In a year with delayed planting and struggles to get the crop planted I thought about changing my topic from Sclerotinia stem rot (Soybean White Mold) to a different topic. But if we look at the early planted soybeans getting close to closing the rows and the possibilities of a wet summer, we need to manage the crop that is in the ground to maximize yield. Understanding White Mold: Soybean white mold (SWM) is a disease that infects soybeans at the flowers, and then moves to the pods and stems at the node. It gets its name from the [...]
The recent wet weather has caused planting problems for Illinois growers. If you were lucky enough to soybeans planted, how much stress is your crop experiencing? In this podcast, CCA Soy Envoy, Todd Thumma talks about corn and soybean stress and what strategies should be used to help your crops overcome it.
As rain and cool conditions have delayed planting for many growers across Illinois and the Midwest, I’ve been having more than a few conversations around what we can do to minimize yield losses when planting soybeans later. Delayed planting reduces vegetative growth and the number of nodes on a plant, and the number of nodes can have a very direct impact on yield. Reduced vegetative growth also reduces the opportunity to have the rows close over prior to flowering, reducing the total amount of light interception from each acre which directly impacts yield. We can manage both if planting [...]
Every soybean producer in Illinois is also a corn producer. And one of the commonalities about farming in Illinois is that sometimes it will rain in the spring and delay or prevent planting. There comes a point in time that growers must decide whether to switch maturities or even switch crops (switching from corn to soybeans). There are several things to consider in that decision and the most likely is which will be most profitable. On average, hybrids will only lose one bushel for every 10 days of planting delay prior to May 10th. Planting dates after May 10th [...]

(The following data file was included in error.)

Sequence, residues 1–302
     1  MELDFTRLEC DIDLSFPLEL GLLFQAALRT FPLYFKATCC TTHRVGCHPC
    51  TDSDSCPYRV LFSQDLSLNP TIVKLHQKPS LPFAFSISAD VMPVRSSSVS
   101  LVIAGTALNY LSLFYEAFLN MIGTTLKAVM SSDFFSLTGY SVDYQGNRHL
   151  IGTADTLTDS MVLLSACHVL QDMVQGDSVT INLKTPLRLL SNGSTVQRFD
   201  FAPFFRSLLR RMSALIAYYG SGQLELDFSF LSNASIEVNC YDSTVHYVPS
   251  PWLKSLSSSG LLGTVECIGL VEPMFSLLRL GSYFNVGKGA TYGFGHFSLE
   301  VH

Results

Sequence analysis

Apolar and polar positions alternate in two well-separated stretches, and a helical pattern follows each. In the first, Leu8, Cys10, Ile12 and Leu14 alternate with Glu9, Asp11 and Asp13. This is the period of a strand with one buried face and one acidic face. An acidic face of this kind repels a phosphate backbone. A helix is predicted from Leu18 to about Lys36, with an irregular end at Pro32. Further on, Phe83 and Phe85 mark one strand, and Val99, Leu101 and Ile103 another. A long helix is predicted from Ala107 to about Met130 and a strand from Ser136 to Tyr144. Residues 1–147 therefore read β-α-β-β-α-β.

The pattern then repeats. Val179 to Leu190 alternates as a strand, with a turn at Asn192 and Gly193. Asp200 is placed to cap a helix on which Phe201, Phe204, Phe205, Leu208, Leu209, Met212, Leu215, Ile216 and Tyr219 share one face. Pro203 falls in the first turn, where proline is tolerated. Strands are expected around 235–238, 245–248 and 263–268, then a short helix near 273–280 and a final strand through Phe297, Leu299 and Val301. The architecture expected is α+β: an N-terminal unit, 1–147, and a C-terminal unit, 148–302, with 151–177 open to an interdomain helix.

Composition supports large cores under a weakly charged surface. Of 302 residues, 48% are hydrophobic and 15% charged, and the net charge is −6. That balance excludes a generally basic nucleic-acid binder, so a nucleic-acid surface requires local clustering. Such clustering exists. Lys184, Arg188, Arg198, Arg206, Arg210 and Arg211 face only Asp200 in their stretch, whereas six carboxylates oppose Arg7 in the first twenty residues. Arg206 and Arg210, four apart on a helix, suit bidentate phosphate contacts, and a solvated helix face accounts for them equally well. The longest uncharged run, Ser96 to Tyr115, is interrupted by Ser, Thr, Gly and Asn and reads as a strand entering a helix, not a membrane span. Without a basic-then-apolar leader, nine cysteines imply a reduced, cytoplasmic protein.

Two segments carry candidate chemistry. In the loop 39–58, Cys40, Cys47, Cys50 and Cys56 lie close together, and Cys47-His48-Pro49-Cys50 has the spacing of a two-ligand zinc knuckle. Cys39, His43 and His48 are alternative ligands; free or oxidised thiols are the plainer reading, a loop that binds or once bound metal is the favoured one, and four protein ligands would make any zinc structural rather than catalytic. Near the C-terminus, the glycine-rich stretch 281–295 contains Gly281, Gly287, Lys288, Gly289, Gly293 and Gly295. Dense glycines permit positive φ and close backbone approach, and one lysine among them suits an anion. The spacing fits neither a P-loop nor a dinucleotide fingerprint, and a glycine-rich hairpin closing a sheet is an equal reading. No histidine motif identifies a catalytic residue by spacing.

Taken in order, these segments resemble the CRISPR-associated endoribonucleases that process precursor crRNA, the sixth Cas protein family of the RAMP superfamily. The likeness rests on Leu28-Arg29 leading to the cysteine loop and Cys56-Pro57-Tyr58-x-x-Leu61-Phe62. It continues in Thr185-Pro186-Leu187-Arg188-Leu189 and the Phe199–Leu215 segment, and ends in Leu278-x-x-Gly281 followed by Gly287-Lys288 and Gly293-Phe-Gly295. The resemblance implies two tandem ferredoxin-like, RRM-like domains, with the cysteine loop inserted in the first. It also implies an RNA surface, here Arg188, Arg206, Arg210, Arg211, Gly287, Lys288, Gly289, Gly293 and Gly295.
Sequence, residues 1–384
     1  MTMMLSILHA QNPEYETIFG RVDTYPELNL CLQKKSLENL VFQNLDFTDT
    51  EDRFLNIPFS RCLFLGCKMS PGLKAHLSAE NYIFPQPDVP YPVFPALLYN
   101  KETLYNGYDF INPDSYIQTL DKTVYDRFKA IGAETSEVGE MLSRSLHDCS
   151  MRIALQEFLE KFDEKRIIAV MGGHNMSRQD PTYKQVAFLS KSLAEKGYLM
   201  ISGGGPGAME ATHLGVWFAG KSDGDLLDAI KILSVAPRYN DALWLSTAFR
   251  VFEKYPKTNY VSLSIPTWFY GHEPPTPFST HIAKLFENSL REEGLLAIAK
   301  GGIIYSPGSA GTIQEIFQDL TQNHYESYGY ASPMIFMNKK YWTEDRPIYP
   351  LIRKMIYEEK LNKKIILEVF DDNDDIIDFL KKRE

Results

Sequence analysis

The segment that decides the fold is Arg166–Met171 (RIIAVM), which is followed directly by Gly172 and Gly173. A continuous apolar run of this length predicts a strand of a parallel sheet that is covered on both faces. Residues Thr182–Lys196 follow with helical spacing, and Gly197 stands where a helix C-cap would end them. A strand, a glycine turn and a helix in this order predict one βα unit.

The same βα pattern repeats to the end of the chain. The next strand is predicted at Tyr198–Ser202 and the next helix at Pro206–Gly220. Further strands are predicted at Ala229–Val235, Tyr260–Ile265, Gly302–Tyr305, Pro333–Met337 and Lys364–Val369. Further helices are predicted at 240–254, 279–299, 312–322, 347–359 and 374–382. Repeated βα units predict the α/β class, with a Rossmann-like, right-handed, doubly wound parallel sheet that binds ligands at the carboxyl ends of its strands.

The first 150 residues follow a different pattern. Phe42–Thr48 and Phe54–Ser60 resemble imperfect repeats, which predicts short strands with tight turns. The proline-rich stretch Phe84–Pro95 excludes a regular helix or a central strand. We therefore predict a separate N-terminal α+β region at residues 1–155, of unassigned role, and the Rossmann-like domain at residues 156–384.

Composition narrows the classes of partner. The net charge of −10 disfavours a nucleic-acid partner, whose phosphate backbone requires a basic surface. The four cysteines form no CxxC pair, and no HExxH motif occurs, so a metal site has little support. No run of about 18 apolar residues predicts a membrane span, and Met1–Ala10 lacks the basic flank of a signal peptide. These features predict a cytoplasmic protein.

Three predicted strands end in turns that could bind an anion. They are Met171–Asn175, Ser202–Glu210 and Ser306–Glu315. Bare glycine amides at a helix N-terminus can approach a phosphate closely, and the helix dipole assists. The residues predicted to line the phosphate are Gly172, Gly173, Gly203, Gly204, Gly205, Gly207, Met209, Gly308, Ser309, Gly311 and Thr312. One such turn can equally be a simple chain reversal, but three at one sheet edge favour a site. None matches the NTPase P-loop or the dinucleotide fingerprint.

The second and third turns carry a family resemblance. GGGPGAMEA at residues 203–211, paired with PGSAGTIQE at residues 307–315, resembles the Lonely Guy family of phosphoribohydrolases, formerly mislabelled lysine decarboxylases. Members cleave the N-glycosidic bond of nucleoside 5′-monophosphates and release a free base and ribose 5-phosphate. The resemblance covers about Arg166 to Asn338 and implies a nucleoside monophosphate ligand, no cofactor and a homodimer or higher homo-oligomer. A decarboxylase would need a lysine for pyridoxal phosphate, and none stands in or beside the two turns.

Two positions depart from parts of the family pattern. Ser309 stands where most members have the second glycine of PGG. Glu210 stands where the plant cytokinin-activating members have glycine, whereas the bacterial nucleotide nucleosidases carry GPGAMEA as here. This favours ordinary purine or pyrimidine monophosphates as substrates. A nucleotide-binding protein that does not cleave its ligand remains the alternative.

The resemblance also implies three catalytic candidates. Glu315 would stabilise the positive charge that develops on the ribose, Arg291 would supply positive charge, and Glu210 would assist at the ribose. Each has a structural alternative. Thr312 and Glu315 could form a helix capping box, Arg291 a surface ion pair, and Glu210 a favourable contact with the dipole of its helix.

Every meeting this winter presenters talked about planting soybeans early. We must remember that the first major factor in raising any crop is the soil conditions at planting time, not what the calendar says. To ensure the crop gets off to the best start possible, seed should be planted into good soil conditions. We want all the plants to come up within 24 (if not 12) hours of each other under ideal emergence environments. Otherwise, plants that emerge later than the rest of the stand will struggle to catch up and will effectively be sapping nutrients and resources away [...]
By Todd Thumma|2022-03-24T11:15:55-05:00April 19, 2019|
With more acres of soybeans being planted and more dropped ears during corn harvest, volunteer corn is becoming a larger issue for Illinois growers. Areas across Northern Illinois experienced 2018 harvest conditions where some of the corn crop didn’t make it to the bin. After the combine had harvested a corn field, it wasn’t uncommon to have more than 10 bushels/acre of grain left in the field. We also experienced weather conditions that were not conducive to fall tillage which helped lost ears germinate, in many cases before a winter freeze. Volunteer corn competes with soybeans for nutrients, water [...]
By Todd Thumma|2022-04-12T15:31:58-05:00March 27, 2019|